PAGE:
Government intervention in entrepreneurship: When is it too much?
December 26, 2011 by Lisa-Ann LEE
Fearless is a word often used to describe Karen Kerrigan, a think tank member of the World Entrepreneurship Forum, and it’s not difficult to see why.
Deciding that entrepreneurs weren’t getting the attention they deserved from government bodies, she founded the Small Business & Entrepreneurship Council (SBE) in the US, ruffling more than a few establishment feathers in the process.
Started in 1994, the SBE is a research and advocacy organization dedicated to help small business owners and promote entrepreneurship.
Today, the think tank has more than 70,000 members and she is one of the most influential voices in Congress, having led several key initiatives to improve business conditions for entrepreneurs and foster US and global entrepreneurship.
Though market conditions in the US and Singapore are different, Kerrigan believes that entrepreneurs in both countries need to be vocal about the challenges they face.
“Entrepreneurs must work together through associations or coalitions to collectively voice their concerns to government,” she says, adding that government bodies on their part also need to understand that while a certain degree of taxation and regulation is necessary, start-ups need to be allowed the freedom to grow and innovate.
“Governments must understand that in an era of limited resources and many challenges, entrepreneurs can help develop solutions to key challenges faced by society… the more time and resources a business owner has to put into their enterprises, the more jobs and positive economic activity will flow from those entities. In addition, a vibrant and relatively free business sector produces more tax revenues for the government.”
When to help and when to leave well alone
If the comments made at August’s Chillin’ With session with then presidential candidate Dr Tony Tan were any indication, it seems that many local start-ups view the Singapore government’s financial assistance as more of a hindrance than a help. Some participants in that session pointed out that micromanagement and bureaucratic red tape are some of the hoops that investors and founders find themselves having to jump through when seeking grants.
So exactly when should the government intervene and when should they leave start-ups and investors to work things out on their own?
Kerrigan offers that governments should only intervene or regulate when there is market failure. However, this is not to say that they should limit their involvement to crisis situations.
She points out that there are plenty of areas that would benefit from their attention, including: Identifying ways to reform taxes, creating regulations or compliance to better streamline current systems and make them more globally competitive, and removing trade barriers and making sure that there are proper laws in place to protect entrepreneurs’ intellectual property rights.
Creating a culture of entrepreneurship, therefore, is “the responsibility of both the government and the private sector,” she notes.
Can entrepreneurship be taught?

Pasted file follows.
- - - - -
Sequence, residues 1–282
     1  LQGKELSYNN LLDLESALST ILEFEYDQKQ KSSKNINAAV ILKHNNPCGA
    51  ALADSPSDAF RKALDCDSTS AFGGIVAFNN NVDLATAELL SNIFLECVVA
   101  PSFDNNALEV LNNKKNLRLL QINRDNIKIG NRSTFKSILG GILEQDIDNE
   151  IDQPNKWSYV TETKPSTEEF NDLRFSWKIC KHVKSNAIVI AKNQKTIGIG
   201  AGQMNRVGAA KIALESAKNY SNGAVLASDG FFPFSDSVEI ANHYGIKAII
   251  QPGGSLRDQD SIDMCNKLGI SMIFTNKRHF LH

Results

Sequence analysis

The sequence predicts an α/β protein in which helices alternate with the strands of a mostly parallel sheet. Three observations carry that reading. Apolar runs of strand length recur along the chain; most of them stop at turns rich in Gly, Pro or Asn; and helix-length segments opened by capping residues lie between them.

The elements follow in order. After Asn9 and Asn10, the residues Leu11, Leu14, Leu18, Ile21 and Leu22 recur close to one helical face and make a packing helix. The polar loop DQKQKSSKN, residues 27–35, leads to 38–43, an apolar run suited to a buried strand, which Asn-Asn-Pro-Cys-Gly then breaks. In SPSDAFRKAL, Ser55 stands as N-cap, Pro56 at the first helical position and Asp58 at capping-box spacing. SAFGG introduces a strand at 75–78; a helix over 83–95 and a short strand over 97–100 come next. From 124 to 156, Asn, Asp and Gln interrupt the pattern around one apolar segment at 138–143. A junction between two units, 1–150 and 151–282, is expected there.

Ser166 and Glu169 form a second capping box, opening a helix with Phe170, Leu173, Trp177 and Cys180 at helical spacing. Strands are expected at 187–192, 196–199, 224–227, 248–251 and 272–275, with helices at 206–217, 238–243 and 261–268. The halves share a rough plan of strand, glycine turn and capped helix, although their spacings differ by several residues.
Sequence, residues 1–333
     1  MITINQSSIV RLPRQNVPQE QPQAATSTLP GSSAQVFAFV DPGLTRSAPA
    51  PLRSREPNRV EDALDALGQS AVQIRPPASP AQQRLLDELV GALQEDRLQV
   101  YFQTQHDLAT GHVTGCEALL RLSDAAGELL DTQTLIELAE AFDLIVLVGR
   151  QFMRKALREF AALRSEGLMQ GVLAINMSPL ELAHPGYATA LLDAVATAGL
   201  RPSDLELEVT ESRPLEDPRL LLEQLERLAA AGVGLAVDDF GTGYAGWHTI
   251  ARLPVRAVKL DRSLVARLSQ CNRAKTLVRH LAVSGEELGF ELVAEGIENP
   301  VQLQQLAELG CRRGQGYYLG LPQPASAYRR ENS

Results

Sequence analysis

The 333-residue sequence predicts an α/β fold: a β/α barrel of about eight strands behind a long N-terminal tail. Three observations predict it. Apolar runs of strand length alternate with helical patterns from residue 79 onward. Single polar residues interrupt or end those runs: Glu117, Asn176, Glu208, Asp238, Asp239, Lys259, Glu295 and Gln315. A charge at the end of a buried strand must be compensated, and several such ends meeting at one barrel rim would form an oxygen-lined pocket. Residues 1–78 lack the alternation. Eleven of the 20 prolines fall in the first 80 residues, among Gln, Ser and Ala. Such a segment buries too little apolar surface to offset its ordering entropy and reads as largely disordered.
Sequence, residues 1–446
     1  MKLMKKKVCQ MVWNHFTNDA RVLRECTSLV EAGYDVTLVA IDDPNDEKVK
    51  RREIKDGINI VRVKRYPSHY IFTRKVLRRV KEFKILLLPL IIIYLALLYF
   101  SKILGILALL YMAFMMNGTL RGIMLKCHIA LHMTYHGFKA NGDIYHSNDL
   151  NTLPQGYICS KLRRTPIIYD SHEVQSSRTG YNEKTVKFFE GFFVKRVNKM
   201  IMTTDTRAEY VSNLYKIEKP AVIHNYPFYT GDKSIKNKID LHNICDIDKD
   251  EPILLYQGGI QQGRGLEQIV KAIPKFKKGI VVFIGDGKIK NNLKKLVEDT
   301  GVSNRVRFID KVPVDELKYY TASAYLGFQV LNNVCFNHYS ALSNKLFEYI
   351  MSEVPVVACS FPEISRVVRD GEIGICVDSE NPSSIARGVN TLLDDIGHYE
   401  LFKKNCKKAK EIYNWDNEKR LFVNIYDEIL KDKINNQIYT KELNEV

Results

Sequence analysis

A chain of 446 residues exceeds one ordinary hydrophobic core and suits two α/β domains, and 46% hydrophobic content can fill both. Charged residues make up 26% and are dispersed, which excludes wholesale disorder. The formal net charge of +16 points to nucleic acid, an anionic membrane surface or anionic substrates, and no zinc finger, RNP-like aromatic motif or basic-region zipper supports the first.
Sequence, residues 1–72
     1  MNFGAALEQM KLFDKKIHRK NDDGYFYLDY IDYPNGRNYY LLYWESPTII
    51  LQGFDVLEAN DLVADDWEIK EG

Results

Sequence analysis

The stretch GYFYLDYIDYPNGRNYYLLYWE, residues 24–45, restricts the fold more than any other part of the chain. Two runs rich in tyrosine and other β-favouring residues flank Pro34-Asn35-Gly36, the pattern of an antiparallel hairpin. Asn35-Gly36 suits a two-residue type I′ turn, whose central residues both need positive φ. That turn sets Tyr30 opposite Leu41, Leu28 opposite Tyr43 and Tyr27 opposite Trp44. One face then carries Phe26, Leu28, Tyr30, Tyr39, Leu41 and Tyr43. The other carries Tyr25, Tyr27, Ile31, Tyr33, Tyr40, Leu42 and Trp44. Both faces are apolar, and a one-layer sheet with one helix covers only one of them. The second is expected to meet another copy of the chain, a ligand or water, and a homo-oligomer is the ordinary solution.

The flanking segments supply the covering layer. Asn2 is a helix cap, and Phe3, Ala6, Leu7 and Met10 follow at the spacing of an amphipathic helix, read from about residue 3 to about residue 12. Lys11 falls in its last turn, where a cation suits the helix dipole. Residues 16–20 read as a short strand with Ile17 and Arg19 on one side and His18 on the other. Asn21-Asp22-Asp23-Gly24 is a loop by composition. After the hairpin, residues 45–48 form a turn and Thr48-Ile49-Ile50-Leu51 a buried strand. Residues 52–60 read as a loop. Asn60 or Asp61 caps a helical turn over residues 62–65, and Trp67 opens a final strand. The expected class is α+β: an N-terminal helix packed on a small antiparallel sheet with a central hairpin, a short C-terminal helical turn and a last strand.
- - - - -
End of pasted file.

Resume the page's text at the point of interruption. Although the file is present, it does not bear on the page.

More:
While Kerrigan acknowledges that successful entrepreneurs have certain in-born traits that separate them from their peers, she believes education also has a role to play in laying the foundations for a life of entrepreneurship.
“The fundamentals, for example: Financial literacy, how to develop a business plan, marketing, competitive analysis and management, are clearly important [because they are] the basic building blocks that increase a startup’s chance of survival and growth,” she explains, adding that it is never too early to get children started thinking like entrepreneurs.
“At the earliest stages of education, children need to be exposed to entrepreneurship as a career option. Their leadership, team building, problem solving and creative skills need to be developed.”
Kerrigan adds that the importance of having mentors or role models should not be overlooked either.
“Part of the entrepreneurship education process should include regular exposure and engagement with successful entrepreneurs – men [and] women from different backgrounds and ages. Meeting entrepreneurs and hearing their stories is not only educational but motivational – this plays such an influence in whether people decide to start businesses, their exposure and interactions with real entrepreneurs.”
This is especially true when it comes to encouraging more women to become entrepreneurs in the region.
“On a global basis, there has been extraordinary growth in the number of women entrepreneurs. Higher numbers of successful women entrepreneurs mean there are more role models to encourage and influence the next generation,” says Kerrigan. Many women across the world remain disenfranchised.
“Government leaders must understand that women’s role in society is critical to their nation’s economic future and overall health. When they hold back women, they are holding back their entire country’s potential and ability to compete on the international level.”
How do you think entrepreneurs and the government can work together to foster a better startup environment in Singapore? Do you think there’s a need for a collective organisation to represent small business owners in Parliament? Share your thoughts with us.
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About The Author
Lisa-Ann LEE - Contributing Writer
Lisa-Ann is a nomadic wordslinger who can be found roaming the not-so-dusty plains of the tech start-up scene and freelancedom. Say "howdy" to her on LinkedIn.Read other posts by Lisa-Ann LEE